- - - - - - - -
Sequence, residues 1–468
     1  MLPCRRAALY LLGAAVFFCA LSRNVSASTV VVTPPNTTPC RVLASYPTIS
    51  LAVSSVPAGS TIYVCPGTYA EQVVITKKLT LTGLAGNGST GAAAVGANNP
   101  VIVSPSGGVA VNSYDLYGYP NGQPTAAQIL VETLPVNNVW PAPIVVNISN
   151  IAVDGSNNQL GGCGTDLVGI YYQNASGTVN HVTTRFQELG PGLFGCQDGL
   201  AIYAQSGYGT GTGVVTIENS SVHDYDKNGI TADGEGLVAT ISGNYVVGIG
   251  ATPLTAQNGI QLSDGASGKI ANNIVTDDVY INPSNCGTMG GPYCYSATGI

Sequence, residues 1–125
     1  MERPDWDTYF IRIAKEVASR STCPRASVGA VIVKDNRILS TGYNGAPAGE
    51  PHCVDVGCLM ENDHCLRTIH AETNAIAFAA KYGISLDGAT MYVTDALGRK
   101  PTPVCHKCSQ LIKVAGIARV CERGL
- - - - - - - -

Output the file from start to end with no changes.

Sequence, residues 1–468
     1  MLPCRRAALY LLGAAVFFCA LSRNVSASTV VVTPPNTTPC RVLASYPTIS
    51  LAVSSVPAGS TIYVCPGTYA EQVVITKKLT LTGLAGNGST GAAAVGANNP
   101  VIVSPSGGVA VNSYDLYGYP NGQPTAAQIL VETLPVNNVW PAPIVVNISN
   151  IAVDGSNNQL GGCGTDLVGI YYQNASGTVN HVTTRFQELG PGLFGCQDGL
   201  AIYAQSGYGT GTGVVTIENS SVHDYDKNGI TADGEGLVAT ISGNYVVGIG
   251  ATPLTAQNGI QLSDGASGKI ANNIVTDDVY INPSNCGTMG GPYCYSATGI

Sequence, residues 1–125
     1  MERPDWDTYF IRIAKEVASR STCPRASVGA VIVKDNRILS TGYNGAPAGE
    51  PHCVDVGCLM ENDHCLRTIH AETNAIAFAA KYGISLDGAT MYVTDALGRK
   101  PTPVCHKCSQ LIKVAGIARV CERGL